Study launched to advance understanding of most important dairy disease
Mastitis, a highly prevalent dairy cow disease, strikes fear in the hearts of many farmers. The udder infections it entails can ruin cows’ health and productivity, wreak economic havoc on farms worldwide, and cost the dairy industry billions of dollars per year.
Faculty at Cornell’s College of Veterinary Medicine have embarked on an innovative study to transform the understanding, diagnosis, and treatment of mastitis. Funded by a grant of nearly $500,000 from the USDA’s Cornell National Institute of Food and Agriculture, the three-year study will employ a new technology that is revolutionizing bacteriology to examine mastitis in ways it has never been studied before.
“Mastitis is the most important disease in dairy cows,” said principle investigator Dr. Rodrigo Bicalho, assistant professor of dairy production medicine. “Our study will use techniques that were not available until very recently to learn more about mastitis than previously possible. We expect the our results will change perceptions of clinical mastitis, leading to reevaluation of treatment and prevention strategies.”
Finding the culprits causing mastitis once required culture techniques that isolated and grew bacterial strains in the lab. But this could only find aerobic bacteria-- those that grow in oxygenated environments. It could not find anaerobic bacteria, which grow in the absence of oxygen. In part because of this limitation, it was long assumed that mastitis was caused by a single bacterial species growing inside the mammary gland and that healthy milk was bacteria-free.
Bicalho’s lab was the first to prove that wrong in 2009. Using microbial meta-genomics, which extracts and sequences DNA from all cells in a milk sample, his lab showed a whole new world of anaerobic and aerobic bacteria living inside the mammary gland of both healthy and diseased milk. Bicalho had opened the door to the possibility mastitis can be caused by a combination of several different species of bacteria simultaneously.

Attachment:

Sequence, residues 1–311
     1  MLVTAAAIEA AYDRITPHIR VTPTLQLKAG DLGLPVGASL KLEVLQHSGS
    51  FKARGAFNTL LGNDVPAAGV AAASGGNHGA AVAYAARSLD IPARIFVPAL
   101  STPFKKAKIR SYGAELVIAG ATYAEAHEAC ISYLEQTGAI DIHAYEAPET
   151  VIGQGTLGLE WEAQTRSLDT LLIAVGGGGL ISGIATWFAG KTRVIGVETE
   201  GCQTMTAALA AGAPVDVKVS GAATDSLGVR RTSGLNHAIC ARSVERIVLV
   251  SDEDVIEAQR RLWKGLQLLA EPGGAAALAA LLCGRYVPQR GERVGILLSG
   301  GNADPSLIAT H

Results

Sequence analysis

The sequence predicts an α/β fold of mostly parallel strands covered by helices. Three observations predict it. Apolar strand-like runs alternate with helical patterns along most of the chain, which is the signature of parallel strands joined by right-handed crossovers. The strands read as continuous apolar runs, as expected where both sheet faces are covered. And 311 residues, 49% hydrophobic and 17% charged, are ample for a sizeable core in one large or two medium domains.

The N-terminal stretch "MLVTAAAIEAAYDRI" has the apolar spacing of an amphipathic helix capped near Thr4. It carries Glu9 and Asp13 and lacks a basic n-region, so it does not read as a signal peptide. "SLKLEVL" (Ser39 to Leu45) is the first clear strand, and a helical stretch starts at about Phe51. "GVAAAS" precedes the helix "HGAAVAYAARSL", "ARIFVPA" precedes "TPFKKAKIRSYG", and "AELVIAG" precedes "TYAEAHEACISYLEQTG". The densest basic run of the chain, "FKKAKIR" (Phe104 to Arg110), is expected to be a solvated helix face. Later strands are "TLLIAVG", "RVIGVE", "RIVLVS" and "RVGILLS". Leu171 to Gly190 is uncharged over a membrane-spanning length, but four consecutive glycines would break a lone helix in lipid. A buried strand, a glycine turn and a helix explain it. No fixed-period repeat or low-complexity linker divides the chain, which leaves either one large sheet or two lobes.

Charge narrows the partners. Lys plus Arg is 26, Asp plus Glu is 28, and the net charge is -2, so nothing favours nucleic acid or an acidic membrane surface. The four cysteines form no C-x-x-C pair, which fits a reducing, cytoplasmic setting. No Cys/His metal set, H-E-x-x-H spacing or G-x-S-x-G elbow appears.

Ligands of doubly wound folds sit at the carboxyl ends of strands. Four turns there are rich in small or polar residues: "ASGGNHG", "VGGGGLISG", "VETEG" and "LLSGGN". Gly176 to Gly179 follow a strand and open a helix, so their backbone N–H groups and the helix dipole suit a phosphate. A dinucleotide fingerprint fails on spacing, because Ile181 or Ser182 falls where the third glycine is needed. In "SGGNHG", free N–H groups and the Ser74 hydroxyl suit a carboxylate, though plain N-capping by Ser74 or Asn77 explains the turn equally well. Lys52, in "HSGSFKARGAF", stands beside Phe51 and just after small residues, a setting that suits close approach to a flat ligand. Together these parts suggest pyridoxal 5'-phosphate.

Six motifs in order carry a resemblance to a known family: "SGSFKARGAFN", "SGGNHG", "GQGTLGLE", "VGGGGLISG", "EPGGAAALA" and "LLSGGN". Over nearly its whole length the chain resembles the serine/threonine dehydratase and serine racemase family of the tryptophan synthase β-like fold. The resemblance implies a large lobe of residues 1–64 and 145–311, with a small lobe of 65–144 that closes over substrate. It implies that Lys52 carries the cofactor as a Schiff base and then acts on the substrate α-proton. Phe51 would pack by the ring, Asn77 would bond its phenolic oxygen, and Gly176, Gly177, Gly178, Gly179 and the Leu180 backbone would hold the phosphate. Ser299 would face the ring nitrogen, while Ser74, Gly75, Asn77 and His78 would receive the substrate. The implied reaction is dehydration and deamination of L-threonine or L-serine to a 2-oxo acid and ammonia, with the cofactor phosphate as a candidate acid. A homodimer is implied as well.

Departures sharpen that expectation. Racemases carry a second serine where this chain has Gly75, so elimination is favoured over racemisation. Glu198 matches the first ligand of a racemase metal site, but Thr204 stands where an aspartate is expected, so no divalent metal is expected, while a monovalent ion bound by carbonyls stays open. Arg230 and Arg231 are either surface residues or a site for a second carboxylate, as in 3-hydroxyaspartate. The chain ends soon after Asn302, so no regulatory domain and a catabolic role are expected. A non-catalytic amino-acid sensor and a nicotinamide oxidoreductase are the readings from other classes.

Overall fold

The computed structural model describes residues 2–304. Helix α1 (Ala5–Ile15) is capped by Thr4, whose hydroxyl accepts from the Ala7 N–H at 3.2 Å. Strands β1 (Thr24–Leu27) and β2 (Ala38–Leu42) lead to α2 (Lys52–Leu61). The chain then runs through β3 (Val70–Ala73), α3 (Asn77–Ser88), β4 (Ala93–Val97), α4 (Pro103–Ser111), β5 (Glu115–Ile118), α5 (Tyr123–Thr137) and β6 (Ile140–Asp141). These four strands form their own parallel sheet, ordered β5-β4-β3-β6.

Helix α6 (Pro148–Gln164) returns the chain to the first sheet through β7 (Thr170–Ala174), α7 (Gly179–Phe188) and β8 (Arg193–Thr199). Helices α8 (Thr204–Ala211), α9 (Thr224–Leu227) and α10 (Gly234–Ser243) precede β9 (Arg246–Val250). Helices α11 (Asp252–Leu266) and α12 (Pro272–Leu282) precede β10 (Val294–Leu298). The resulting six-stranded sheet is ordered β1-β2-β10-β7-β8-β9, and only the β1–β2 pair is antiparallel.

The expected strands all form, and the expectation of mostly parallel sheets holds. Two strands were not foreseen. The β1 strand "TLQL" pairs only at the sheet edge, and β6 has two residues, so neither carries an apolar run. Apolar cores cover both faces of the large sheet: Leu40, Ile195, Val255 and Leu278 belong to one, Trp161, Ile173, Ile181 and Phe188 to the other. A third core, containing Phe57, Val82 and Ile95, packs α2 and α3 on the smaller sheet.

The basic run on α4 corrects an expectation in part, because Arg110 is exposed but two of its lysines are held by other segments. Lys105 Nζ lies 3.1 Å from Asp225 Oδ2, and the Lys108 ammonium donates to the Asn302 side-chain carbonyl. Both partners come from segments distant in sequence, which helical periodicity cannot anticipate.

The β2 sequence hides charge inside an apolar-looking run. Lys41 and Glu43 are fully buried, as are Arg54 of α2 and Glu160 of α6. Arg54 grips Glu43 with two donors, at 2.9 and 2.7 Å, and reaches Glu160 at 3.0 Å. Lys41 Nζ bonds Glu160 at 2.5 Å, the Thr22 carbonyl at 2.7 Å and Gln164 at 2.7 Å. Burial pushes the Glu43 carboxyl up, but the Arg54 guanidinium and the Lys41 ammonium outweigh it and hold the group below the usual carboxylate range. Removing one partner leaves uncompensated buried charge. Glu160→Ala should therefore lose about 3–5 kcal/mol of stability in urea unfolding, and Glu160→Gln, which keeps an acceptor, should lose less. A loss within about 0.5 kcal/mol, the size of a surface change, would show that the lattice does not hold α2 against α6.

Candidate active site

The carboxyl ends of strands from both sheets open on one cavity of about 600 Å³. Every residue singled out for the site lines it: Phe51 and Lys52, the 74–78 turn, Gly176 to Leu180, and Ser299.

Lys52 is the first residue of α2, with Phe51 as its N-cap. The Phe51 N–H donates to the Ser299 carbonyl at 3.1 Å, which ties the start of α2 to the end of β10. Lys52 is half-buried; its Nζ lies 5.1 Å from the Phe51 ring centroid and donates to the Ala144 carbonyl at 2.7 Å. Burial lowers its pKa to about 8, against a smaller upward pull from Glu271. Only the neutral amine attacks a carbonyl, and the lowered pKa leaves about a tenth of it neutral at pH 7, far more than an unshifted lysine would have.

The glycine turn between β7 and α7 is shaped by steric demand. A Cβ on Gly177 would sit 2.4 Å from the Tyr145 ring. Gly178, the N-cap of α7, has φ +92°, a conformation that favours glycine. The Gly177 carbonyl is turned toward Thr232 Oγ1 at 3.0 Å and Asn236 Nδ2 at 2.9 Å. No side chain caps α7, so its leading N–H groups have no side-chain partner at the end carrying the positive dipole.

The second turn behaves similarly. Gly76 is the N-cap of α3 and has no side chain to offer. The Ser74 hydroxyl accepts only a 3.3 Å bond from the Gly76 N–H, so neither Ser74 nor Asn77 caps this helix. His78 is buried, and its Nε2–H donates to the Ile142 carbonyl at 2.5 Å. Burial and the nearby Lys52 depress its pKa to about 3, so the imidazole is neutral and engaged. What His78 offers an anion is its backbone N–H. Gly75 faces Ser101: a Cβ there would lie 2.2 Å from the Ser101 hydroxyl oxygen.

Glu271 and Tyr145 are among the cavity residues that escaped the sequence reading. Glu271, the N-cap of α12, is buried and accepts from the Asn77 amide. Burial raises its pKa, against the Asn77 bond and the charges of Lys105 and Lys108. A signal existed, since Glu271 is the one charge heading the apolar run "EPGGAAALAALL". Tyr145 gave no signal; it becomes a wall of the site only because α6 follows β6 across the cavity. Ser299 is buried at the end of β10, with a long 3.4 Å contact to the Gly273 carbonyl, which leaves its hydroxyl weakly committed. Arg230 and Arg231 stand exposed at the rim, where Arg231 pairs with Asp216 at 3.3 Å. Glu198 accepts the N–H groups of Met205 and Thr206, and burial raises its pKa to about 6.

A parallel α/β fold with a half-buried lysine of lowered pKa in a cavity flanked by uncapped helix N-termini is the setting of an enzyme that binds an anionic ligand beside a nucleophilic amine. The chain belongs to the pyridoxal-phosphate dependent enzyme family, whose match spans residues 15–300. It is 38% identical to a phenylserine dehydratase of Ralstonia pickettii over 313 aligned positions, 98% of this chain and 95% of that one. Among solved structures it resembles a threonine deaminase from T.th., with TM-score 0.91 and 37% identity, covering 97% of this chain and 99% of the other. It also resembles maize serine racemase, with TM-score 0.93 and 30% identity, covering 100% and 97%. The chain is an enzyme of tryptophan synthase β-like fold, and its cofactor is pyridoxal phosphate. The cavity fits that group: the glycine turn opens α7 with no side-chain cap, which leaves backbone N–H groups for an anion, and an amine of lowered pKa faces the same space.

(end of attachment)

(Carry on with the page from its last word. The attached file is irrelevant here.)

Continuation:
In the new study, Bicalho will use meta-genomics to target a fingerprint-like gene called 16s-rRna. Each bacterium has 1-15 copies of these genes, which contain valuable information that can identify species. Bicalho’s team will use this gene to focus on only bacteria, analyzing their DNA, identifying all bacteria present, and measuring the relative proportion of each species.
This study will use similar techniques to explore the newly discovered bacterial world in milk and how it relates to mastitis. Bicalho and his team will collect samples before, during, and after cows contract mastitis. This will let them map the baseline bacterial ecosystem of normal milk, see the disturbance in that ecosystem when a mastitis-causing pathogen arises, note any other opportunistic pathogens that come in during infection, and observe how bacterial populations return to normal if infection passes.
Major aims of the study include improving the prudent use of appropriate antibiotics and refining meta-genomics techniques into new tools to diagnose mastitis and predict prognoses. To measure how the curative power of various antibiotics relates to the bacteria present, Rodrigo and his team will take milk samples from cows in the field that have contracted mastitis before they treat with antibiotics. They will take follow-up samples from those cows over time to measure the extent and timing of recovery.
“This study has huge potential for developing new understanding of how mastitis is caused,” said Bicalho. “We are developing ways to use new meta-genomics technology to better diagnose and treat this devastating disease that will help reduce its health risks and economic burdens.”